PCHS graduate embarks on career as a naval officer
Park Record intern
Park City High School alumna Shelby Johnstun never envisioned joining the Navy as a child. She said she always had immense gratitude for those who serve and looked up to women in uniform, but never saw herself as one of them.
But one day during her junior year at the University of Utah, Johnstun spoke to someone who was in the Navy. Little did she know that the next day she would meet with a Navy recruiter and find a new future.
Johnstun is now embarking on a career as an officer in the Navy. As she reflects upon her training, she said that the skills she’s developed have not only come from her training but her upbringing in Park City.
“My parents definitely taught me to be humble and kind and caring and respectful and responsible,” Johnstun said.
And Johnstun has tried to use those traits to her advantage. After graduating from the University of Utah with a bachelor’s degree in athletic training and attending Navy boot camp, Johnstun has been training in the Navy’s Officer Candidate School in Rhode Island.
Officer Candidate School is a unique and grueling training program. It requires participants to have already completed a college degree and provides the training to become a junior officer. The 13-week program puts students through a rigorous course covering all aspects required to be a skillful leader like leadership, the profession of arms, academics and fitness.
Becoming a naval officer is not easy. Once Johnstun is an officer, she will be expected to be a manager on top of being a pilot in the Navy. This position is not an easy task, but with her training, Johnstun said she will have the skills to succeed.
With her degree in hand, Johnstun enlisted in the Navy and completed the eight-week boot camp. She established the rigorous academic and physical foundation that she would add upon at Officer Candidate School. She said the experience of boot camp was humbling and a time when she started to become the leader she aspired to be.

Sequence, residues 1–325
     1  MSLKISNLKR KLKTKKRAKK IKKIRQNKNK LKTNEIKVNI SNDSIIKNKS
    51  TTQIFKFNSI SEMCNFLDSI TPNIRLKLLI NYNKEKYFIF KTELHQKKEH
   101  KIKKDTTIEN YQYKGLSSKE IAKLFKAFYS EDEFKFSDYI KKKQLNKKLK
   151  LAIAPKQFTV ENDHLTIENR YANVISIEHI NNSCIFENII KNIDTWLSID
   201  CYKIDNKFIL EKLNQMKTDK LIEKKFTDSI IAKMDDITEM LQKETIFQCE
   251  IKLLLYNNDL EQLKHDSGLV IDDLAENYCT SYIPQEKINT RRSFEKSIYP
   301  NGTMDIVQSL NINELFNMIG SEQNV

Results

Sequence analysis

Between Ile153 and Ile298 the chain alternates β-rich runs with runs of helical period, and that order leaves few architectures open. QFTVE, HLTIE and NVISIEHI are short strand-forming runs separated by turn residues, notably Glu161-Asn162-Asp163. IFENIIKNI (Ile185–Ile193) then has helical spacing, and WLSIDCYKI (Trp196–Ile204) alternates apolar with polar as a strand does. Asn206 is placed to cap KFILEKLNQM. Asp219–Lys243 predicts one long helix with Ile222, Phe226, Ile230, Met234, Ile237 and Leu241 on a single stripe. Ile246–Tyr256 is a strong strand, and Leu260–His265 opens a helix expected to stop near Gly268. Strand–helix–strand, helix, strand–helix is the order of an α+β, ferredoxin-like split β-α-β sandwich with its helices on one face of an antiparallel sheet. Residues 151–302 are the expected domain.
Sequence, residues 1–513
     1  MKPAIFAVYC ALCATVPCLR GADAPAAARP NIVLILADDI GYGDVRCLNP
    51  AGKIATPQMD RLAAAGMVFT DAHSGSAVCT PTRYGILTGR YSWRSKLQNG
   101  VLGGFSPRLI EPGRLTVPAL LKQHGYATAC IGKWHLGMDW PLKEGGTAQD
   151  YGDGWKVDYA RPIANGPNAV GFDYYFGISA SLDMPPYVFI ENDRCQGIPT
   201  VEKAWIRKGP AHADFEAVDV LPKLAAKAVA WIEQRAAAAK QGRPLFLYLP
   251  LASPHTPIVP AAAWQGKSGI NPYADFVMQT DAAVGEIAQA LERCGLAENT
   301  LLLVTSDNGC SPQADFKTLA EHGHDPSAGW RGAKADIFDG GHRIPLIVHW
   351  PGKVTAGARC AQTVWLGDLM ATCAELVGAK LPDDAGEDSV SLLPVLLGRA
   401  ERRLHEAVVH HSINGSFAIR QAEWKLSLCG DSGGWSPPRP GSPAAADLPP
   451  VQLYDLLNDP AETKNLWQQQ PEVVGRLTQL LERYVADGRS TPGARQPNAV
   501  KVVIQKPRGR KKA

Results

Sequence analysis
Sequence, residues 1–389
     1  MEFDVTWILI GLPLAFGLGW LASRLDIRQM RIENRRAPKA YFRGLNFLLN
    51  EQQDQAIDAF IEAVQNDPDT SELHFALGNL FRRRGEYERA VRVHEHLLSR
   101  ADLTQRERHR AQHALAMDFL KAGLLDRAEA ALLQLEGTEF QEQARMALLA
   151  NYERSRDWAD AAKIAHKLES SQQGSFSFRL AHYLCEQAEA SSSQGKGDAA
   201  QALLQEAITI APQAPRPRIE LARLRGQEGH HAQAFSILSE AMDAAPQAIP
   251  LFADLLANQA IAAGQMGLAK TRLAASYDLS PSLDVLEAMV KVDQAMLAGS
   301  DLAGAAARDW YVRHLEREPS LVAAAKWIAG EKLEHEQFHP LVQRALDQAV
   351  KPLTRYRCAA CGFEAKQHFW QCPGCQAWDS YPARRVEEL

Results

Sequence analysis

Johnstun is now in her final weeks at Officer Candidate School, which has been the most grueling part of her training. The academic and physical demands have been raised, along with the characteristics required to succeed.
“There’s been times where your body wants to give up and you’re tired and there’s long days, but I think pushing through that has been the more difficult thing about coming here,” she said. “But it’s very rewarding when you push through and you reach that goal.”
Leadership and education are two values that Johnstun holds dear. Being an officer would require those two values to be stretched to their limits, she said. But for Johnstun, it’s what she wants to do.
“I think it’s the greatest position to have in the Navy as a leader,” she said. “You have more opportunities to help teach the enlisted side and accomplish the mission.”
As she approached the final weeks of the program, Johnstun found that her upbringing in Park City was formative. She graduated from Park City High School after playing in three competitive sports: volleyball, softball and soccer. There, she said she learned what it takes to be a successful leader. Park City’s environment shaped her passion for leadership and her love of the outdoors.
“Along the lines of (Park City) being outdoors and a lot of activity,” said Johnstun, “I think that really shaped me as wanting to make sure that I’m staying physically active.”
Johnstun did not have family members in the military. Joining the Navy created a new legacy for herself and others.
“I think my family is definitely going to be able to tell a difference between before and after,” she said.
Johnstun had completed her 13th week at Officer Candidate School, and now she is looking to the future. Once she graduates, she will be heading to Pensacola, Florida, to begin her flight training to become a pilot. She will then fly with the Navy for the next eight years.
“I’m very excited,” she said. “… Something that I really enjoyed about my undergrad was that it wasn’t just sitting in a classroom. We did a lot of hands-on learning and I think that as a pilot, there’s obviously going to be a lot of hands-on learning”
Johnstun hopes to serve at least 20 years in the Navy and to retire in the Navy as well. She hopes to use her love of education and her leadership skills to help teach others.
“I think leadership is a lot more important to me now than before,” Johnstun said. “It’s always been in the back of my mind and been important, but now I think it’s the most important aspect for me in the Navy is making sure I’m a good leader and able to help those around me to perform at their best ability.”
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